When making cross-sections, it's best to avoid "puzzle piecey" shapes that are busy all the way around.  Balance pure (simple) sides with impure (more detailed) ones.


Once you've mapped a shape onto a simple, 2 dimensional plane to create a cross-section (1), you can then extrude it (2). See here how different sides of the plane can be assigned as "hinges" to produce wedged extrusions (3). Rail extrusions (4) occur along a spline.


In our world, we rarely see objects arranged in neat rows, with all component parts visible. Objects are stacked, one in front of the other, sometimes densely so. To prevent ourselves from over-representing, we must obscure.

See what kind of interesting "stacks" you can wield, varying the types, numbers, sizes and elevations of geometry used. The welded results will automatically possess an overly-dreaded aspect of drawing called "foreshortening" and produce a level of depth which is more in accordance to what we see.

As pleasant a bonus, the overlapping lines of construction will provide "grist" for our imaginations, suggesting additional forms within the forms.

You can see in the following images how cross-sections mapped onto planes can be wielded and welded to create volumes -- another way to stack geometry.


Geometry looks fetching when the individual parts are, in some way, made for each other. The cup and the saucer, the plug and the outlet, and the blocks are designed (via male and female parts) to interlock. In addition to fitting together, many things have a platform and a cap. An example of a flagpole has been used here, but a flower, a church wall or human being would have worked just as well.


If symmetry is nature's calling card, wave geometry is its blood sample. We see its alternating rhythms in everything from tree branches, to human anatomy to plumes of smoke. The more irregular the wave, the more natural it appears.  Joseph Gilland, in his book Elemental Magic, points out that our DNA, ocean waves, fire, mountain ranges, and entire galaxies all present versions of wave geometry.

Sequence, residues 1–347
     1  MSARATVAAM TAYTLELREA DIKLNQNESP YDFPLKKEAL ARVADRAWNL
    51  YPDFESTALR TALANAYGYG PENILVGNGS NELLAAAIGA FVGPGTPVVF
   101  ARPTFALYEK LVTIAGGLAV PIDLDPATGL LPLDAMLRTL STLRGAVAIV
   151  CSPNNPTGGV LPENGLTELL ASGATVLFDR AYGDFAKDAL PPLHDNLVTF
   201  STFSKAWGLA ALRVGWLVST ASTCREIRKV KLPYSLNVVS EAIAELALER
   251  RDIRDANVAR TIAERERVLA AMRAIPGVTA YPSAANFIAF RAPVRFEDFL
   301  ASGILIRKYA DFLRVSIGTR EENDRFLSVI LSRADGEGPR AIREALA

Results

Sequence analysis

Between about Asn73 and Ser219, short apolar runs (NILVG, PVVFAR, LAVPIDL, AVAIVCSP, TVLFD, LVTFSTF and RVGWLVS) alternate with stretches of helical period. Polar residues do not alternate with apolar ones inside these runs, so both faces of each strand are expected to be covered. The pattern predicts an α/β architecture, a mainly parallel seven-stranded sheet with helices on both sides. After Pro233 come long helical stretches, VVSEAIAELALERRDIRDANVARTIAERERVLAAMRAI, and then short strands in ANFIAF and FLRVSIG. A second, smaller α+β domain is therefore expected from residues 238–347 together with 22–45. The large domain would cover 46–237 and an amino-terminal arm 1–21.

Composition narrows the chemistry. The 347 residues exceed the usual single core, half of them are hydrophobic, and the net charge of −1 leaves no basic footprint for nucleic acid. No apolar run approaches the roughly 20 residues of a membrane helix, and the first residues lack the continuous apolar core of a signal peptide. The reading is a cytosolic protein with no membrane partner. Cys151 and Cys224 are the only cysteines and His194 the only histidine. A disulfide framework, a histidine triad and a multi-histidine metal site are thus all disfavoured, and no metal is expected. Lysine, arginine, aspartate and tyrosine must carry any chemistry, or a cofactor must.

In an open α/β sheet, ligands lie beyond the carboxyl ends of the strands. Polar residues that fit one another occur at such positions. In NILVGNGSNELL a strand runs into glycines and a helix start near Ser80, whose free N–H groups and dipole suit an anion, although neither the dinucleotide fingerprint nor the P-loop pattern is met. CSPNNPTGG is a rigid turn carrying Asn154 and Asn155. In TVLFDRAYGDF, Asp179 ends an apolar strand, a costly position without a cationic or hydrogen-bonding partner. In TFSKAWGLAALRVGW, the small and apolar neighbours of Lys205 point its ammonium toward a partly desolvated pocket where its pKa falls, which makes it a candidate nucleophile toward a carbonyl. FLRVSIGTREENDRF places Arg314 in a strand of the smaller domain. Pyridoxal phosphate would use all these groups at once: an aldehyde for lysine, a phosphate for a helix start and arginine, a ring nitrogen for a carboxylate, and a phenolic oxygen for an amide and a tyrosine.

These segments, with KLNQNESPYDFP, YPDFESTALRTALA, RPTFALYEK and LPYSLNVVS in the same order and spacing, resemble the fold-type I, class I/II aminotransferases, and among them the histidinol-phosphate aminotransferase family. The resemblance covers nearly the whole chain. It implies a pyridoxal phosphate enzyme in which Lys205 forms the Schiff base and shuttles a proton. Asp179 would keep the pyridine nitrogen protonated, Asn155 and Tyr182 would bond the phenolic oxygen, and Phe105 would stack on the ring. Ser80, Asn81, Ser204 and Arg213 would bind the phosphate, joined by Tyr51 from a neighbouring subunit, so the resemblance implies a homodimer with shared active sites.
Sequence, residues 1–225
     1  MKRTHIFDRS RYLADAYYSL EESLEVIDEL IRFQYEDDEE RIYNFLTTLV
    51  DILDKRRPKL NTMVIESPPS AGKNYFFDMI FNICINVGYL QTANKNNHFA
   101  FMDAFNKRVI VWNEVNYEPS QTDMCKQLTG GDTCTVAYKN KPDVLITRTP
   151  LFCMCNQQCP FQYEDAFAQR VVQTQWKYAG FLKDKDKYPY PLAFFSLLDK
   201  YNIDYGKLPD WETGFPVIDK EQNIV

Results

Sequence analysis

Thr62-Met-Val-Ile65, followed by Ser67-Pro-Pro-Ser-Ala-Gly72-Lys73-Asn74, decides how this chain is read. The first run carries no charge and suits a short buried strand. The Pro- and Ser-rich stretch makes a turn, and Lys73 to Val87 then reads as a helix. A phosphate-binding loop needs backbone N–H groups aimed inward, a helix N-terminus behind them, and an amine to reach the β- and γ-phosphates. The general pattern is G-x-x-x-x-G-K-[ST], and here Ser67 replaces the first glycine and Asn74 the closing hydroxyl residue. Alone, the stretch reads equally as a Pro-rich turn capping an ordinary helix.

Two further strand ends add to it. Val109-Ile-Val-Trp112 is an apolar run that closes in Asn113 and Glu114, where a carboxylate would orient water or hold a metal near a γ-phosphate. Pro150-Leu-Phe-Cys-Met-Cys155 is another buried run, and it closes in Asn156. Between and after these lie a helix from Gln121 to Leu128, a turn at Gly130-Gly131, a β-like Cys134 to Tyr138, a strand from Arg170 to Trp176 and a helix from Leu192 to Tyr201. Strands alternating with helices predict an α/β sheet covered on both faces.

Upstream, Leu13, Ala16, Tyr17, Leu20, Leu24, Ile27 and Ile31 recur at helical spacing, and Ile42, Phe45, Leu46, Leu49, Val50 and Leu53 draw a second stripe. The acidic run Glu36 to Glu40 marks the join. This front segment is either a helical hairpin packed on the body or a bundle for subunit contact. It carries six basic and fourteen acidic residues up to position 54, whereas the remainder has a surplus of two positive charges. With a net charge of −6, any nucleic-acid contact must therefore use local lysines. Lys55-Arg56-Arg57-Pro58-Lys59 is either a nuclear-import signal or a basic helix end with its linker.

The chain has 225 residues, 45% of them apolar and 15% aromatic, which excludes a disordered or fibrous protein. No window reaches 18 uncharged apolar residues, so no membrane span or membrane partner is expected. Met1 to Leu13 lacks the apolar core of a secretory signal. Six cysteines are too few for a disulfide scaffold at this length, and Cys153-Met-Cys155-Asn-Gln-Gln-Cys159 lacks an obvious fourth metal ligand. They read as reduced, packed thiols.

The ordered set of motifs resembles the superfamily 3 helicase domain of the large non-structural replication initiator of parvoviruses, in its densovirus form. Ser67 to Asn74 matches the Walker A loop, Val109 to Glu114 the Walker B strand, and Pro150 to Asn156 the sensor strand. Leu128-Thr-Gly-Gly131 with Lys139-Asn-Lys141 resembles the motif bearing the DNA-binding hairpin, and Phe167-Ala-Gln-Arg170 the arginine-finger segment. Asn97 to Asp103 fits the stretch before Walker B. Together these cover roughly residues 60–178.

After we wield simple geometry, we're free to add and subtract from it, thereby complicating it. Complicated geometry is harder to wield, which is why we save this detailing pass for later.  In 3D, these are known as 'boolean operations' and will often cause errors in even the most sophisticated applications.

Author's note : The 'append' portion here was drawn on paper with a pencil. I find I have greater speed and control wielding and welding with these materials than I do with a computer. Find the method which best suits your unique needs!


Bevels are other "complicators" to be considered after the underlying geometry is understood. It's interesting to note that the position and shapes of bevels don't need to be predictable. In fact, it's more interesting when they aren't. Experimenting with "offsetting" bevels.


When you've made a piece of geometry once, it's possible to make it again, at different angles, using the same wielding and welding techniques.  Organic objects can be cloned and arrayed easily and imprecisely, as inconsistencies in size and angle will work in their favor.  Accurate clones and arrays of man-made objects are the most tedious things to draw manually -- a chief reason 2D artists turn to 3D programs for help.